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20th Century Fox presents
Seth Brundle: What's there to take? The disease has just revealed it's purpose. We don't have to worry about contagion anymore. I know what the disease wants.
DVD ReviewIf you grew up post-1960 and were a horror movie fan, it was difficult to avoid the freaky magic of the original 1958 Kurt Neumann-directed version of The Fly (itself a variation of the George Langelaan short story). What was creepier: seeing Voyage to the Bottom of the Sea's David Hedison with a big fly head or the tiny fly with the human head trapped in a spider web, soon to be crushed by a merciful Vincent Price? It may have taken nearly thirty years, but director David Cronenberg dramatically updated the story in 1986, managing to boost the gore and visual effects content (in a pre-CGI world, no less) while presenting a sympathetic lead character.
In 1986 Cronenberg was at the tail end of his rather unconventional horror period (Rabid, The Brood, Scanners, Videodrome), and about to launch into his more acclaimed left-of-mainstream series (Dead Ringers, Naked Lunch, Crash, eXistenZ). The Fly sits as a kind of evolutionary link between these two Cronenbergian approaches to storytelling, because while it is certainly gory horror film (and the effects hold up quite well today), it also carries a strong performance from Jeff Goldblum as the molecularly tormented scientist Seth Brundle, who, even under mounds of pulsating latex, conveys a wonderfully desperate sadness.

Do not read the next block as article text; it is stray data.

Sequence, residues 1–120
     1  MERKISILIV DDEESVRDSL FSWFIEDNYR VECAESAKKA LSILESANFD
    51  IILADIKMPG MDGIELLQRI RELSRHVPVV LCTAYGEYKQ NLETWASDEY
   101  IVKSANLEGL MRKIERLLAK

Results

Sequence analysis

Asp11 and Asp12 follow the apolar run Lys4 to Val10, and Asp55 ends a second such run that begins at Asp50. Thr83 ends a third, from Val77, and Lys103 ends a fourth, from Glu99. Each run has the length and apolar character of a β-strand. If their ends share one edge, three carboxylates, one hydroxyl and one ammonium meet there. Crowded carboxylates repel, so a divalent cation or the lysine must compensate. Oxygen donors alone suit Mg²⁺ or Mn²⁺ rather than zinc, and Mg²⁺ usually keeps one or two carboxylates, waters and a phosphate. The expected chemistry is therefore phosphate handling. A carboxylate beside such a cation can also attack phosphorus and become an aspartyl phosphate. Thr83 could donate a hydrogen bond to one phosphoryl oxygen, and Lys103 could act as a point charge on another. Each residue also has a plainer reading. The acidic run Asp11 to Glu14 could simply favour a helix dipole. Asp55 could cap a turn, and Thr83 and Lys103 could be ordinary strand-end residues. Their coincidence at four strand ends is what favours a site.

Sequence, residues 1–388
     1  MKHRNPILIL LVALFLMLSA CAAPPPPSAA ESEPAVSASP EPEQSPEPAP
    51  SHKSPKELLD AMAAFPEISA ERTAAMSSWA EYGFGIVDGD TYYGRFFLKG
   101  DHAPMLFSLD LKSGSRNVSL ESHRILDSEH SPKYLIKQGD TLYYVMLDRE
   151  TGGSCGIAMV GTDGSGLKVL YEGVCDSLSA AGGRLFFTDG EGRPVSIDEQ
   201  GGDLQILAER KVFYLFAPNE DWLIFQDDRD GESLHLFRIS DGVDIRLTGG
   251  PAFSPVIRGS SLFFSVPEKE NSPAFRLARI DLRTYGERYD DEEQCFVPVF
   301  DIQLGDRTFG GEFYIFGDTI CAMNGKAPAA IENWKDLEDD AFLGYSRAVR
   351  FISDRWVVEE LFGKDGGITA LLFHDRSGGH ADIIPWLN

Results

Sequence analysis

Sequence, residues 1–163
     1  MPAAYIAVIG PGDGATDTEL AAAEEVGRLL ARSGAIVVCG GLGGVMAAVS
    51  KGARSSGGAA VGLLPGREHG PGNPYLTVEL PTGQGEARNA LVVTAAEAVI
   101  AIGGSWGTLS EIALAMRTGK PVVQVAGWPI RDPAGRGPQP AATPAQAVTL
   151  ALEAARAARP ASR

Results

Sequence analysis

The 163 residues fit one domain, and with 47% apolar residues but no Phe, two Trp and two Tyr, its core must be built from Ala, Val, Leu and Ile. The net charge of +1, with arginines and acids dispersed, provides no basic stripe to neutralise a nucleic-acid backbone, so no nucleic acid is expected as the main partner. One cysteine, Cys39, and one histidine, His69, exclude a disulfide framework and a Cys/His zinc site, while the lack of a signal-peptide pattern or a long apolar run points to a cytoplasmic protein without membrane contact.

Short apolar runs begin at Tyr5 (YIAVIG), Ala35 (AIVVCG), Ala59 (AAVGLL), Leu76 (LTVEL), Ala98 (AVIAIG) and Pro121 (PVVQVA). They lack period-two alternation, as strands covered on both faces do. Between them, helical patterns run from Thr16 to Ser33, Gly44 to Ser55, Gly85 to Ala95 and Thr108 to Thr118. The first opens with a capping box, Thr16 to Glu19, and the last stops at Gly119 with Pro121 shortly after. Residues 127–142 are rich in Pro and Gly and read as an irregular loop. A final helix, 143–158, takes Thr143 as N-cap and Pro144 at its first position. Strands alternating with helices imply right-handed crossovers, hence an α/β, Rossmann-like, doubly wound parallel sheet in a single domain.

It is Brundle, cooped up in an oversized warehouse lab on the dark side of town, who perfects the telepods, a pair of mechanical beehive-looking devices that can disintegrate an item in one and reassemble it in the other. Instant teleportation. Brundle decides to share his invention with science writer Veronica (Geena Davis), and the two develop a burgeoning relationship, despite the fact that her editor is her jealous former lover (John Getz).
When an inebriated Brundle moves up to human experimentation, using himself as a test subject, he fails to notice a fly has entered the telepod, and when the teleportation is complete the two entities have seemingly merged. What follows is the slow transformation from human to fly, with Cronenberg ladling on some gross visuals, such as the self-named "Brundlefly" vomiting gobs of goo onto doughnuts in order to pre-digest his food.
Goldblum makes Brundle into a rather compassionate sort, and his odd mannerisms and speaking style fit the role of the scientist with the lazy social skills and the overpowering dose of fly DNA. His love for Veronica follows the typical doomed genre path, but somehow instead of revulsion it is really pity that Cronenberg and Goldblum make us feel for the character, and Brundle's increasingly erratic and dangerous behavior becomes surprisingly sad instead of horrifying.
And that's difficult to do when you're devouring a human hand with acidy fly vomit.
Rating for Style: A
Rating for Substance: A-